Article

Divergent Effects of Beliefs in Heaven and Hell on National Crime Rates

Department of Psychology, University of Oregon, Eugene, Oregon, USA.
PLoS ONE (Impact Factor: 3.53). 06/2012; 7(6):e39048. DOI: 10.1371/journal.pone.0039048
Source: PubMed

ABSTRACT Though religion has been shown to have generally positive effects on normative 'prosocial' behavior, recent laboratory research suggests that these effects may be driven primarily by supernatural punishment. Supernatural benevolence, on the other hand, may actually be associated with less prosocial behavior. Here, we investigate these effects at the societal level, showing that the proportion of people who believe in hell negatively predicts national crime rates whereas belief in heaven predicts higher crime rates. These effects remain after accounting for a host of covariates, and ultimately prove stronger predictors of national crime rates than economic variables such as GDP and income inequality. Expanding on laboratory research on religious prosociality, this is the first study to tie religious beliefs to large-scale cross-national trends in pro- and anti-social behavior.

Download full-text

Full-text

Available from: Azim Shariff, Aug 14, 2015
0 Followers
 · 
110 Views
  • Source
    • "Recent studies suggest that mean gods, but not nice gods, are effective at controlling antisocial impulses. Namely, DeBono et al. (2013) found that primes of religious forgiveness caused increased cheating in a laboratory task; Shariff and Rhemtulla (2012) found that belief in heaven robustly predicted higher crime rates cross-nationally; and Shariff and Norenzayan (2011) reported that belief in God as a more punishing figure predicted lower rates of cheating in the laboratory. While loving gods may not be effective at improving behavior, they might be very good at making us happy. "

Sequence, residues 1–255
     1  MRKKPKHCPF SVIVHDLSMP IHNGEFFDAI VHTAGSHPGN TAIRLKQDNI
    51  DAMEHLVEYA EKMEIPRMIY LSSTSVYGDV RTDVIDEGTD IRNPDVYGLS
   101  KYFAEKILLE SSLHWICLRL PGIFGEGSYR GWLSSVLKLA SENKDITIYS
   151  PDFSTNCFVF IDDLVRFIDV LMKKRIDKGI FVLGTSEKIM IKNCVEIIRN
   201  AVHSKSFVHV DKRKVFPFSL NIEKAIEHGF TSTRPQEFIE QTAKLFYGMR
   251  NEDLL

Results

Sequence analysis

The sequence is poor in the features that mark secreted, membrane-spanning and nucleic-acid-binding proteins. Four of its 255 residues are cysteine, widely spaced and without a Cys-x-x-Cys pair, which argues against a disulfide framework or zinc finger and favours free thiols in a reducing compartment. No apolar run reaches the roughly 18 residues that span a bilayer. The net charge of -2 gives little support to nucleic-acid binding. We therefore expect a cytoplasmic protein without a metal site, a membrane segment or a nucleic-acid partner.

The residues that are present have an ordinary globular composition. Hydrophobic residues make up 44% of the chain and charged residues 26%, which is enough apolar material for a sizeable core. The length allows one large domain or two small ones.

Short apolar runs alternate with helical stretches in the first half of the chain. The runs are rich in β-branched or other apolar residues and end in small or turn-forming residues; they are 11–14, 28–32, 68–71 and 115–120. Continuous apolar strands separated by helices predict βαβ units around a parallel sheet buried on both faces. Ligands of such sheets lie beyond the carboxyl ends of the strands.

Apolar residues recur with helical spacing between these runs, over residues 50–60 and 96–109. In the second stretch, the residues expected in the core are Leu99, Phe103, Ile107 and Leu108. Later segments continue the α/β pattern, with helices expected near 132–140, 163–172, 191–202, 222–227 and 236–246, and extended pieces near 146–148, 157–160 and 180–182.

[Show abstract] [Hide abstract]
    ABSTRACT: In religions where God is portrayed as both loving and wrathful, religious beliefs may be a source of fear as well as comfort. Here, we consider if God’s love may be more effective, relative to God’s wrath, for soothing distress, but less effective for helping control behavior. Specifically, we assess whether contemplating God’s love reduces our ability to detect and emotionally react to conflict between one’s behavior and overarching religious standards. We do so within a neurophysiological framework, by observing the effects of exposure to concepts of God’s love vs punishment on the error-related negativity (ERN)—a neural signal originating in the anterior cingulate cortex that is associated with performance monitoring and affective responses to errors. Participants included 123 students at Brigham Young University, who completed a Go/No-Go task where they made ‘religious’ errors (i.e. ostensibly exhibited pro-alcohol tendencies). Reflecting on God’s love caused dampened ERNs and worse performance on the Go/No-Go task. Thinking about God’s punishment did not affect performance or ERNs. Results suggest that one possible reason religiosity is generally linked to positive well-being may be because of a decreased affective response to errors that occurs when God’s love is prominent in the minds of believers.